What's Behind The North Texas Quakes? | KERA News

What's Behind The North Texas Quakes?

Doualy Xaykaothao / KERA News

When a series of earthquakes started last fall, the mayor of Azle, a small town west of Fort Worth, thought it was a novelty. But Alan Brundrett felt more earthquakes, stronger ones -- dozens of them within a few months. He believes injection wells operated nearby by oil and gas companies have something to do with the quakes.

Doualy Xaykaothao / KERA News

Bonita and Patrick Jones found their dream retirement home in Azle. It’s not far from where dozens of minor earthquakes started shaking the ground six months ago. Now the Joneses are worried about the value of their property and the environment. 

Texas Alliance of Energy Producers

Alex Mills is a company man. He heads the largest state oil and gas association in the United States. He’s based in Wichita Falls, 90 minutes northwest of the Azle-Reno area, where a series of earthquakes hit six months ago. This story is part of our series on “What’s Behind the North Texas Quakes?”

Doualy Xaykaothao / KERA News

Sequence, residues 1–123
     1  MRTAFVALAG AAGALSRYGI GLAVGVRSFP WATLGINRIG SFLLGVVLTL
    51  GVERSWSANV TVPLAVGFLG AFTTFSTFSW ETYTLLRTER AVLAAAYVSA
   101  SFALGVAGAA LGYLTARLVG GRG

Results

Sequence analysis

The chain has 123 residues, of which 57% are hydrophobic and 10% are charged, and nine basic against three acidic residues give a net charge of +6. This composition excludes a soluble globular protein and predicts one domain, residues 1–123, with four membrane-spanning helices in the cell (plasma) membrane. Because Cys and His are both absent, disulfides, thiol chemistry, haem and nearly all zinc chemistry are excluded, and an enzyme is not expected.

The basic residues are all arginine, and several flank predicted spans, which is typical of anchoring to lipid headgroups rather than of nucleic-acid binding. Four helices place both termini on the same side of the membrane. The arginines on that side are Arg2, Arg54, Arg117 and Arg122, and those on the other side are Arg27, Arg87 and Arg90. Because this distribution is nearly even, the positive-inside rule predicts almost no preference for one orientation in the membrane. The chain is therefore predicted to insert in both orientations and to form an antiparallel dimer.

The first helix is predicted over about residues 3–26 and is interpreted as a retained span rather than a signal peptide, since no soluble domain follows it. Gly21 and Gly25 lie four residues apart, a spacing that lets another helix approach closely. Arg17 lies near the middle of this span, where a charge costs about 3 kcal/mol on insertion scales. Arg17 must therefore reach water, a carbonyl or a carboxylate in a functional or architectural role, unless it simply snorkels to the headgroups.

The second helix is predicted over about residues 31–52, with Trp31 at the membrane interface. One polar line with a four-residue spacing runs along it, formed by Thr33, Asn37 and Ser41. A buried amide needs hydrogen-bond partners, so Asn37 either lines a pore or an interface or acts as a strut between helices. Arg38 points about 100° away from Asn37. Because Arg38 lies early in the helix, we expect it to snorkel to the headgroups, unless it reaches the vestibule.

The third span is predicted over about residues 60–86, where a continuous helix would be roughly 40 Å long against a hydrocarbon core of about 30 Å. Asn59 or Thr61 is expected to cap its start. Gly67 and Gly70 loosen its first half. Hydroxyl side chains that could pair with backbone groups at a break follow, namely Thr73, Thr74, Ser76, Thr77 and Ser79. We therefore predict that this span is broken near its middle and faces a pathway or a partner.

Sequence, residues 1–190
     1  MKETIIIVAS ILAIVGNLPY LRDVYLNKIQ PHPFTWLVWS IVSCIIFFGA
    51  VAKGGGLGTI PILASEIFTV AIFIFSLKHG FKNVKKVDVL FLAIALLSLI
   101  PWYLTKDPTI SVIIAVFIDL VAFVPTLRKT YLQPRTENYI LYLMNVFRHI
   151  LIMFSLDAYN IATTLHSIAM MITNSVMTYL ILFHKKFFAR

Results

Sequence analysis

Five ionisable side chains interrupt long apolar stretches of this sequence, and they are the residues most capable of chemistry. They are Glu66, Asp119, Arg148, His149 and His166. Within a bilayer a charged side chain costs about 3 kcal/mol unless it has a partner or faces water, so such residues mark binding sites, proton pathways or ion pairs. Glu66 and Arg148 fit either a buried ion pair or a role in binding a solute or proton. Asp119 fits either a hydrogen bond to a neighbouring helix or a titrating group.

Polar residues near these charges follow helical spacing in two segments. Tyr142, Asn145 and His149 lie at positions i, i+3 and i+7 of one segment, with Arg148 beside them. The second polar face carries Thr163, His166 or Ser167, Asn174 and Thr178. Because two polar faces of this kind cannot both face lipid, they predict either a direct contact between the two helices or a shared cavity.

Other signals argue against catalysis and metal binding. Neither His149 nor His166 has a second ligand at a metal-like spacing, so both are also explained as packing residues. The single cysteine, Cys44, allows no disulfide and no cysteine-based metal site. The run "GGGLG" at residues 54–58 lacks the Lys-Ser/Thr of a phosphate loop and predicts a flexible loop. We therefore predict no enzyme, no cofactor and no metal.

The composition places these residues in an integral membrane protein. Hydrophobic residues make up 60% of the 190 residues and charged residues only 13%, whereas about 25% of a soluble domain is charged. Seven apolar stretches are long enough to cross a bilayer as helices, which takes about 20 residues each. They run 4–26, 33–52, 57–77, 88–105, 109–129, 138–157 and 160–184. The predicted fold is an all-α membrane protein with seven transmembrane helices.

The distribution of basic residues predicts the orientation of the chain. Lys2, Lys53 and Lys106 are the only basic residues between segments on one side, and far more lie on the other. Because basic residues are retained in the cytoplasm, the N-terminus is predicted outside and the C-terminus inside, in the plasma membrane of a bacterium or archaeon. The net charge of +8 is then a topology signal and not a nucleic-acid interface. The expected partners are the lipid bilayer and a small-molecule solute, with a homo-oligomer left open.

Gale Wood worked on the Apollo 12 rocket program and later taught science to middle-school students in Fort Worth. But recently this retired engineer has been devoting his time to learning all about earthquakes.

Doualy Xaykaothao / KERA News

Heather DeShon is a geophysicist at SMU. She’s studied earthquake sequences in Indonesia, Nicaragua, but also in North Texas -- in Cleburne. Now she leads a team collecting data in towns northwest of Fort Worth. 

Doualy Xaykaothao / KERA News

Barbara Brown is known to some of her neighbors as “The Digger.” She earned that nickname after collecting thousands of documents about oil and gas drilling, shortly after she says a swarm of minor earthquakes damaged her dream home, and those of her neighbors in Reno and Azle.